MedicalResearch.com: What is the background for this study?
Response: Dental caries is a process during which oral bacteria ferment carbohydrates to produce acid. The acid demineralizes enamel and/or dentin at the tooth surface leading to white spots and eventually cavitation in the tooth. Added sugars – those not naturally present in foods or beverages, but rather added during processing – are the primary type of carbohydrate associated with caries. Sugar-sweetened beverages (SSBs; beverages with added sugars) are the food/beverage category most associated with dental caries.
Historically, fluoride has protected against caries through remineralization of the enamel. However, there has been some question as to whether fluoride’s ability to protect against caries is overwhelmed by the quantity of added sugars currently consumed.
Oral hygiene behaviors – brushing and flossing – are thought protect against caries by disrupting the oral bacteria on the tooth.
Most studies have investigated dietary factors and caries during early childhood, with less attention paid to caries during adolescence.
Our objective was to identify associations between longitudinal beverage intakes and adolescent caries experience, while also considering fluoride intake and tooth brushing behaviors.
We followed a group of children from birth through age 17 years; during this time period, we looked at their beverage intakes, fluoride intakes and brushing behaviors every 3-6 months. We calculated their average milk, 100% juice, SSB, water/water-based beverage and fluoride intakes from 6 months through 17 years, and daily tooth brushing from 1 through 17 years.
MedicalResearch.com: What are the main findings?
Response: We considered several models including beverages, fluoride and/or tooth brushing. Sugar-sweetened beverages intakes were highly correlated with fluoride intakes, as SSBs reflect the fluoride content of the water at the site of production. Therefore, the final model included beverage intakes and tooth brushing. Each additional 10 oz of 100% juice intake was associated with a 56% reduction in caries risk, while each additional 10 oz of sugar-sweetened beverages intake was associated with a 53% increase in caries risk. While tooth brushing was associated with a reduced risk of caries, the results were not statistically significant.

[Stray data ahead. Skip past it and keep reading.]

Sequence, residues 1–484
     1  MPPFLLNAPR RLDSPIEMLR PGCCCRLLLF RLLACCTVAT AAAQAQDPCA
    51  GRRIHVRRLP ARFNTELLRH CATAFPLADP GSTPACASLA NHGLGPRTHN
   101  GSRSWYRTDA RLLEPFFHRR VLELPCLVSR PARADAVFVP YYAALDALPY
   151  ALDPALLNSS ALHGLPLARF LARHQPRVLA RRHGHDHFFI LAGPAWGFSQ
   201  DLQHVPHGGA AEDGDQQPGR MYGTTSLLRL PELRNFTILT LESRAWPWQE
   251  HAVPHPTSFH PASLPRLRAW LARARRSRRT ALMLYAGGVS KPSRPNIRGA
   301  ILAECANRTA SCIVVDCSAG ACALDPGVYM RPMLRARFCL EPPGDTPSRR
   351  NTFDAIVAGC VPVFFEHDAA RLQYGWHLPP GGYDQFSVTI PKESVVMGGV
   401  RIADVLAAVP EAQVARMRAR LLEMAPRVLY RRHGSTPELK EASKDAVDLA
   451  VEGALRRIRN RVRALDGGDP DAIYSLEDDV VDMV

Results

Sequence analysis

MedicalResearch.com: What should readers take away from your report?
Response: Sugar-sweetened beverages are a significant risk factor for caries during adolescence, and efforts to reduce or eliminate SSB intakes are encouraged. While 100% juice intakes are associated with a reduced risk of caries, juice does contain sugars. Thus, juice intakes should be restricted to 4-8 oz per day, consistent with the United States Dietary Guidelines for Americans. And, of course, one should brush their teeth twice a day with a fluoride toothpaste.
MedicalResearch.com: What recommendations do you have for future research as a result of this work?
Response: Future studies considering dietary variables and caries should distinguish the source of fluoride (i.e., beverage or toothpaste) and brushing habits. In addition, understanding the mechanism by which 100% juice appears to protect against caries is necessary.
MedicalResearch.com: Is there anything else you would like to add?
Response: Reducing or eliminating sugar-sweetened beverages intakes is also recommended for weight control and diabetes prevention.
Oral session #1502 titled “Associations Between Longitudinal Beverage Intakes and Adolescent Caries” presented by Teresa A. Marshall on Saturday, March 24, 2018 at 8 a.m. in Room 315/316 of the Greater Fort Lauderdale/Broward County Convention Center in Fort Lauderdale, Fla., USA.
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